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  1. #1
    Join Date
    Oct 2005
    Posts
    2
    Hi folks, new to the forum. Looking forward to participating.

    I was going to ask "what is the best way of wiring/running my ERV", but after searching some previous threads, I wonder if it is worth having at all.

    First, some background.

    We just built a new house in Central Massachusetts. Two-story, about 3000 square feet, four bedrooms, full basement, spray-foam insulation. Lots of good windows (Anderson 400-series) and 9 skylights. We have two independent HVAC systems (one for each floor) consisting of a propane-fired furnace/air handler/AC. We also have a central vent fan (FanTech) that vents all three bathrooms. The builder was going to put in a couple of fresh-80's to allow fresh air into the house (and relieve low internal pressure from the bathroom fans), but we didn't like the idea of spending so much money on building a tight house just to drill a few big holes in the wall. So instead he installed a FanTech SER1504 ERV. Since it was something of an afterthought, it was ducted into the cold-air return of the upstairs air handler, and wired so that the furnace fan would run whenever the ERV ran. The contol was a FanTech control, but it ran primarily off of humidity, when we wanted it to run for x minutes out of each hour.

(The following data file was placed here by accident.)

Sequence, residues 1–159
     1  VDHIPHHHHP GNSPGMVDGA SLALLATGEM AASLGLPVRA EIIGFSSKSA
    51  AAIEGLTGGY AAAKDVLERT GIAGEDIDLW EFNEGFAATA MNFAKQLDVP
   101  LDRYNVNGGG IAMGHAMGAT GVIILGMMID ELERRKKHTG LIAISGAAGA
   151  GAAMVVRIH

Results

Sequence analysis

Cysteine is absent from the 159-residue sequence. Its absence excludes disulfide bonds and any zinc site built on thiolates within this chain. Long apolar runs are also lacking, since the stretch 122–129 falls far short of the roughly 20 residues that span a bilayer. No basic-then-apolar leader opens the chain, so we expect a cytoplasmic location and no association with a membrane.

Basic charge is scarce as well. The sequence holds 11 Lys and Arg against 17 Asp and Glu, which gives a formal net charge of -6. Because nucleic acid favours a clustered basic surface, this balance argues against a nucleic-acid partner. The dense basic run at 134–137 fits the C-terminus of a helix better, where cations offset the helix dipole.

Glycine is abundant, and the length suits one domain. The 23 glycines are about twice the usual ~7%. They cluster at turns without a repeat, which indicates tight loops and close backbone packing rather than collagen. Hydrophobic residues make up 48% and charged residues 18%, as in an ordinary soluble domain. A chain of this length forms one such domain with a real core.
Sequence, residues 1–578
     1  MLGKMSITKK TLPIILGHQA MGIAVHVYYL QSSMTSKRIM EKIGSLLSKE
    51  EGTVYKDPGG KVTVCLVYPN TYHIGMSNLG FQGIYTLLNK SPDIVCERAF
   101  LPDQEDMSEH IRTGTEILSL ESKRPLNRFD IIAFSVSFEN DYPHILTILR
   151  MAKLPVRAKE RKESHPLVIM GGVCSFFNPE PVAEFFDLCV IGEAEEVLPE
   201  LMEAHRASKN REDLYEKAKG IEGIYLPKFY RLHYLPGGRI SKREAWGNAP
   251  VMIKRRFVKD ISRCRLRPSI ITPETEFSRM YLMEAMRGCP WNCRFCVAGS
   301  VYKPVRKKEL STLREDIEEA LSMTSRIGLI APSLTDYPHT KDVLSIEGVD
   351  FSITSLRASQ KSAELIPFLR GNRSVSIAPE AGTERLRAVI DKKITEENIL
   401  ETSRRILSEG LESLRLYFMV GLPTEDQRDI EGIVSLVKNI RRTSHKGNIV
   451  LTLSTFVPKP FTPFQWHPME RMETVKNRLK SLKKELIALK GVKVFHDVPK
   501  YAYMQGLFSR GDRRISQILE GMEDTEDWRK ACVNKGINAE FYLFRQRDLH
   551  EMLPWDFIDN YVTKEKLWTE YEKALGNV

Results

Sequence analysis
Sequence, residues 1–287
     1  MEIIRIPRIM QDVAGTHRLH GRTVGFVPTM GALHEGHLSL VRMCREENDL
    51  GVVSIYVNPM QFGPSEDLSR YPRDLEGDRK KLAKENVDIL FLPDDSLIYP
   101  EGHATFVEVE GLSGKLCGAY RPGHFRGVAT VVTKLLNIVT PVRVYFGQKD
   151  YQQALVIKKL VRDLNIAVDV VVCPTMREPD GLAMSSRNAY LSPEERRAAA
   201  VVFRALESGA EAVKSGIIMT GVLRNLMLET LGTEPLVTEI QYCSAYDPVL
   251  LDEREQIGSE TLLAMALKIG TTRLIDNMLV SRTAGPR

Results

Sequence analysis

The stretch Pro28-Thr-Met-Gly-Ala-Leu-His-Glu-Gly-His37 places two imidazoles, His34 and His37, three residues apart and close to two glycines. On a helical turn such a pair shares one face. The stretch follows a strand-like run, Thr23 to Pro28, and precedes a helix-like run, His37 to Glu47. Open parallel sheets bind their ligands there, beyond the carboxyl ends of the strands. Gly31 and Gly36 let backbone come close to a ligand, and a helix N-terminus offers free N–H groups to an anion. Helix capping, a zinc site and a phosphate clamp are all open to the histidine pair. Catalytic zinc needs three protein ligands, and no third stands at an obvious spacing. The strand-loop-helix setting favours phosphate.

Let's just say that I wasn't happy with the system. Because the contol was ineffective, we ended up leaving the ERV on all the time, so the furnace fan ran all the time. I suspect we could have used the fresh-80's and used less net energy.

    I thought it would be nice to have the ERV kick on anytime the furnace fan did, since the times of year we are concerned about indoor air quality are the times of year that the windows are shut - the times we are running the AC or the heat. But I haven't figured out how to wire that setup. It isn't covered by the FanTech literature, and my HVAC guy wasn't too helpful.